Tennis: An ageless wonder charms

When Chris Evert arrived on stage at the Marina Bay Sands ArtScience Museum on Monday morning, she had just one question for the 100-odd students.

"Do you even know who I am?" asked the 59-year-old former world No. 1 (above, left), raising much laughter from the crowd and current world No. 19, Eugenie Bouchard (above, right), sitting beside her.

Both Evert and Bouchard arrived here on a whistle-stop trip as part of the "Road to Singapore" event, promoting the season- ending Women's Tennis Association (WTA) Championships, which will be held at the Sports Hub from Oct 17 to 26 this year.

Evert, who has collected 18 Grand Slam singles crowns, 154 individual titles and is a fourtime winner of the Championships, took every chance to poke fun at the age disparity with the starry-eyed crowd, mostly aged between 13 and 18.

She broke ice with her easy and friendly manner, while drawing 19-year-old Bouchard into the 50-minute session to talk about her rise in the sport.

But it was not all fun and games, as the duo took the time to hand out advice to the youngsters, many of whom were aspiring tennis players.

Said Evert: "I was not the biggest, tallest, strongest or the fastest player. I never was. I just wanted it badly enough.

"I was hungry and put in a lot of hard work and any girl can achieve what she wants to achieve if she does that."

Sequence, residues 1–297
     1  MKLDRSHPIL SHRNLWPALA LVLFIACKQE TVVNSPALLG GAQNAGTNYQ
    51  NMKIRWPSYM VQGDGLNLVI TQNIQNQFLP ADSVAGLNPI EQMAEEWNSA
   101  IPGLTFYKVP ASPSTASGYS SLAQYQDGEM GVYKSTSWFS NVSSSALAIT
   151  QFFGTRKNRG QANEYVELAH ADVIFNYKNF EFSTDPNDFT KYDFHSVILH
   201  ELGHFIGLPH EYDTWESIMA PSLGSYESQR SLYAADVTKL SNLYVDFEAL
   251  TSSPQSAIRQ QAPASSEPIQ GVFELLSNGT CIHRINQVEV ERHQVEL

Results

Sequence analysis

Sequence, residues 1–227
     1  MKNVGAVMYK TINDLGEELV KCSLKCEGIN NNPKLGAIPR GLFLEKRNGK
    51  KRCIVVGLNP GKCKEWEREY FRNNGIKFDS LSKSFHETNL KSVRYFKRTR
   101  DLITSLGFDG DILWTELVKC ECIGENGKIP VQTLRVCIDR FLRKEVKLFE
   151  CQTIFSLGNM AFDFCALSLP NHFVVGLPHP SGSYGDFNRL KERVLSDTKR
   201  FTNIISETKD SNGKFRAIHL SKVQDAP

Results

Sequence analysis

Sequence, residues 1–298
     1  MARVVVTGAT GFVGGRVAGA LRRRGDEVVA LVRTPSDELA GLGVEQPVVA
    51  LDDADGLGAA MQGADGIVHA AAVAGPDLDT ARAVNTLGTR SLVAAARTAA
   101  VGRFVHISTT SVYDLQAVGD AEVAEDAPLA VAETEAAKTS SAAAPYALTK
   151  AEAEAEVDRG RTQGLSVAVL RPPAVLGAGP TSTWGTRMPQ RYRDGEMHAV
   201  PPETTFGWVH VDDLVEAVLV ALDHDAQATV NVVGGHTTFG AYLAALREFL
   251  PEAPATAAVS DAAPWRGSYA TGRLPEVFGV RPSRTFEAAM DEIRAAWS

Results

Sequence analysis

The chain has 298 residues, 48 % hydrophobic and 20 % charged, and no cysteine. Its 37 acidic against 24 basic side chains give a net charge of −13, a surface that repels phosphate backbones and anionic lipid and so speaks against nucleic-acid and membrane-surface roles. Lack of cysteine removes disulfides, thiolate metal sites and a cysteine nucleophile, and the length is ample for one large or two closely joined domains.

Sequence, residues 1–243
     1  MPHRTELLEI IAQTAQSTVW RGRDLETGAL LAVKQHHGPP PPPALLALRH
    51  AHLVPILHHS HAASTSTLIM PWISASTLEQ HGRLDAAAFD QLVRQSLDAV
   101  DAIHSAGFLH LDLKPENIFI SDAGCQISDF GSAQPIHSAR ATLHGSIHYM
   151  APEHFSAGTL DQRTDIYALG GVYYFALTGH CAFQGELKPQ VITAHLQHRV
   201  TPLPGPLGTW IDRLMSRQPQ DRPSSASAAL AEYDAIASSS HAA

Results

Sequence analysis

The questions from the students ranged from their training habits and advice on how to make the leap from junior to the professional level.

The session ended on the same note as it started - cheeky.

Anglo-Chinese Junior College student Jerry Yee, 17, asked Bouchard how she managed to "stay looking so good" on court, again raising a friendly ruckus in the room as the lanky player did a double-take.

Genes

"Genes," Evert deadpanned.

A split second later, Canada's Bouchard replied: "I don't think about it; the most important thing for me on court is the tennis and I wouldn't care if I make any funny faces.

"But it's pretty cool that I can express myself on court with different outfits, whereas in team sports you have to wear the same outfit as everyone else."

Speaking to The New Paper later, Jerry said: "It was pretty insightful to hear from the pros what their routines are like and how much they differ from ours.

"It's all about hard work and being determined at their level," added the school player. And yeah, (Eugenie) is beautiful."

sayheng@sph.com.sg


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